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New Report Highlights Hispanic Population's Role In Idaho's Growth

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Idaho Commission on Hispanic Affairs

A new data report from the Idaho Commission on Hispanic Affairs finds the Hispanic and Latino/Latina populations in Idaho continue to be drivers for growth in the state.

This is the nonpartisan state agency’s fifth edition of the data profile on Idaho’s Hispanic population; the last one was released in 2016. It uses multiple state and national data sources, including U.S. Census Bureau data, to describe trends on the economy, health, education, housing, voting and crime.

Some data points highlighted in the report find Idaho’s Hispanic population makes up:

 

  • 13% of the state’s population
  • 12.5% of the state’s labor force
  • 7% of the state’s registered voters
  • 26% of the state’s population without health insurance 

 
Additionally, more than 70% of Idaho’s Hispanic population was born in the United States, 81% are U.S. citizens and 85% are of Mexican descent.

 

The median age for Hispanic people in Idaho is 25, much younger than the median age of White residents, which is 39.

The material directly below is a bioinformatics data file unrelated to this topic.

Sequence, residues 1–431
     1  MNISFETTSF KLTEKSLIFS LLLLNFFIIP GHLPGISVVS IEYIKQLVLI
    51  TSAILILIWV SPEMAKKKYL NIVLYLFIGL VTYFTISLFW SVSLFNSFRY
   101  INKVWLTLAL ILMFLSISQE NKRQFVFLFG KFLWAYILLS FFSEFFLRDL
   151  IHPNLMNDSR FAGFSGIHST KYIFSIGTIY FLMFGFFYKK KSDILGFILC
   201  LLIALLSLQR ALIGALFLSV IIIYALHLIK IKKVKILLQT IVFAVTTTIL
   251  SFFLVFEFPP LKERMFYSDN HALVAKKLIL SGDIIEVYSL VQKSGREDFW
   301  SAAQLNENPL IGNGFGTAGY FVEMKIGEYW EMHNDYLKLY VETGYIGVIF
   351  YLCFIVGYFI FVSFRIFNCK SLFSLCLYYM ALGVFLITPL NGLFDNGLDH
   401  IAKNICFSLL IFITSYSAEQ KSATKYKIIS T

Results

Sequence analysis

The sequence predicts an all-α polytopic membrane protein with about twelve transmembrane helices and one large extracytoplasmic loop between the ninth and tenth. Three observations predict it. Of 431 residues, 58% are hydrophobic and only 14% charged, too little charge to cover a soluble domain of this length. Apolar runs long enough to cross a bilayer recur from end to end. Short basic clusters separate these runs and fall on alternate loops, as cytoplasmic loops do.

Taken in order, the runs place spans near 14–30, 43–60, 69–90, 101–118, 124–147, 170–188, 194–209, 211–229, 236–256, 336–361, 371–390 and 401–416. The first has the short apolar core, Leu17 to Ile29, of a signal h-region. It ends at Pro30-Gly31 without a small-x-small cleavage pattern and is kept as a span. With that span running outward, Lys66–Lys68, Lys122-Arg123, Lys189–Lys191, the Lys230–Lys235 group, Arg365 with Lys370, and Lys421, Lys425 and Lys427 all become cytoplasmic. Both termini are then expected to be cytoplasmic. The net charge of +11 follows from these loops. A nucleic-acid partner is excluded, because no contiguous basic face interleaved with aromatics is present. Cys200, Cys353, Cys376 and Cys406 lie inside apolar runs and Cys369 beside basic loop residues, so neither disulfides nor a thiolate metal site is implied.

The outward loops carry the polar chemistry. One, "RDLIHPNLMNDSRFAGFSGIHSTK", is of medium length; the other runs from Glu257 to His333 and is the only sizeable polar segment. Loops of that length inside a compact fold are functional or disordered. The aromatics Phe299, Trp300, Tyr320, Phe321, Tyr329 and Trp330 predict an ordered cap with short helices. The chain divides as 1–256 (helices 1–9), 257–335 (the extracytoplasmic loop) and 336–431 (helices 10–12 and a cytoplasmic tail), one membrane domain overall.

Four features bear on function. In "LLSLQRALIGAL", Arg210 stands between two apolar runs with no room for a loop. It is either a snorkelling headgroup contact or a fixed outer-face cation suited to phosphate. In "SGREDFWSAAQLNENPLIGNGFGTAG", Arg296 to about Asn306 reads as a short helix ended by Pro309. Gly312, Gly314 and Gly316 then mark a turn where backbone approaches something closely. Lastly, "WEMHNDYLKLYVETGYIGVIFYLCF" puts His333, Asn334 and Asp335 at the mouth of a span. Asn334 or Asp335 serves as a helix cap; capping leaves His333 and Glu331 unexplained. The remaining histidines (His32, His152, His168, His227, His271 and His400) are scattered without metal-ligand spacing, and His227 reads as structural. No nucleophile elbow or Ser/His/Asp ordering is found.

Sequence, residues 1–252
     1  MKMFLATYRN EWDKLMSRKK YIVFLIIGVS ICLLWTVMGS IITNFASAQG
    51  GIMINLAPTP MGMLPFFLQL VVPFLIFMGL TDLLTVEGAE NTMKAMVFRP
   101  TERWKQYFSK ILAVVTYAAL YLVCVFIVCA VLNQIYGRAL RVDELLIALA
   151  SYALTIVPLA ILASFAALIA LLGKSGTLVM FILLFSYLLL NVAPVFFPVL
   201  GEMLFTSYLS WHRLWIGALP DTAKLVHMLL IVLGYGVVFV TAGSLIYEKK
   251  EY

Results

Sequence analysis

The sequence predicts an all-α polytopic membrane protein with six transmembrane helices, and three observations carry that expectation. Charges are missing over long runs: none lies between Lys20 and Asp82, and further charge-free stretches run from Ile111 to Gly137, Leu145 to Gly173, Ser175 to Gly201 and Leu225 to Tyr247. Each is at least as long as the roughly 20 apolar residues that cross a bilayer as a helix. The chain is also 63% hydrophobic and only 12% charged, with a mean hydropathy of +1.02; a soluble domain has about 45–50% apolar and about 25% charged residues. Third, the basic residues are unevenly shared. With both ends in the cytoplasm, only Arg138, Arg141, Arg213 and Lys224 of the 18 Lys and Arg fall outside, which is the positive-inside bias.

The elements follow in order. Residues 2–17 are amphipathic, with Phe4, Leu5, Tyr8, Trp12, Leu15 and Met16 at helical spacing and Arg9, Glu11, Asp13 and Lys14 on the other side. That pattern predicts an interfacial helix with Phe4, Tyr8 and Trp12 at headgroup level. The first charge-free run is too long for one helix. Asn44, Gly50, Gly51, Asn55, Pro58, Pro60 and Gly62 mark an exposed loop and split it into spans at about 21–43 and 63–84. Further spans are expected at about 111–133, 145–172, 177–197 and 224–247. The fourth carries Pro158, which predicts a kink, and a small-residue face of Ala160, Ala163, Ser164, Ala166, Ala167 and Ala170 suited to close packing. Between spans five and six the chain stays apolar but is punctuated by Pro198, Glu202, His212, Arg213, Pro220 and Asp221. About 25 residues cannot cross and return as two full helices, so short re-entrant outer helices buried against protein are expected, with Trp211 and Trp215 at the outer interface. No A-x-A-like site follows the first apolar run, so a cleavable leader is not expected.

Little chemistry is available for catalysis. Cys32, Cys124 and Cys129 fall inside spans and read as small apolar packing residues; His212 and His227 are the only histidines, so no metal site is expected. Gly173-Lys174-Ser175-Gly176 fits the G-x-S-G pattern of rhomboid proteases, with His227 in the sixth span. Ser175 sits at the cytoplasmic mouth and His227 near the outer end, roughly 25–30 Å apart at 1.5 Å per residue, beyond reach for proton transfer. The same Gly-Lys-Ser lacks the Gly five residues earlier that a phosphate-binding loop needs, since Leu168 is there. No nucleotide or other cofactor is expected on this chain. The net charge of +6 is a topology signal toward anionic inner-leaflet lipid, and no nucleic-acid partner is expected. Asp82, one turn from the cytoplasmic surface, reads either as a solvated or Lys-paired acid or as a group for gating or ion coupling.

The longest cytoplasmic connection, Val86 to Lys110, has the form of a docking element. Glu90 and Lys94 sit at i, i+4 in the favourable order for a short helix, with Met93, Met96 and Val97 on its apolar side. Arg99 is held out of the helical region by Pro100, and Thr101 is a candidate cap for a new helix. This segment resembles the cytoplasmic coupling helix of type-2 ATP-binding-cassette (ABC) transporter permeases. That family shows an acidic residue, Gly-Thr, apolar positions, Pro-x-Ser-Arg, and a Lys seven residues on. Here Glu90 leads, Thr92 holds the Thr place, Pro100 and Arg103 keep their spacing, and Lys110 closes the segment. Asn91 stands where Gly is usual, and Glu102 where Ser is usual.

“That means Hispanics are very important drivers of population growth,” said Priscilla Salant, the lead study author. In fact, several Idaho counties would’ve lost residents if not for Hispanic resident growth. Salant said that also extends to growth in K-12 school districts.  

 

Still, even though Hispanic residents continue to contribute to Idaho’s population growth — and economic growth — the overall rate of population growth among Hispanics in Idaho peaked in the 1990s and has declined since. 

 

Salant said the recent data shows the economic picture for Hispanic families is looking up.     

 

“Unemployment rates are way down, poverty rates are way down and median household income, that measure of how much income families have to live on, is up,” she said. 

 

Those trends were present when the last report was released in 2016, but are more evident now, years out from the 2008 recession. 

 

Salant attributes this to growth in industries in which Hispanic people in Idaho tend to work, including food processing and agriculture; a younger population, and therefore more people of working age, and slowly increasing educational attainment from generation to generation.  

 

One area where the state could improve, Salant said, is education. Eighteen percent of Idaho’s K-12 students, but only 3% of public school educators, are Hispanic or Latino/Latina.

 

“We need more bilingual, bicultural teachers and other school district employees,” Salant said. 

 

To her, that reveals a gap Idaho’s higher education institutions should be working to fill by training more bilingual teachers. 

 

Find reporter Rachel Cohen on Twitter @racheld_cohen  

 

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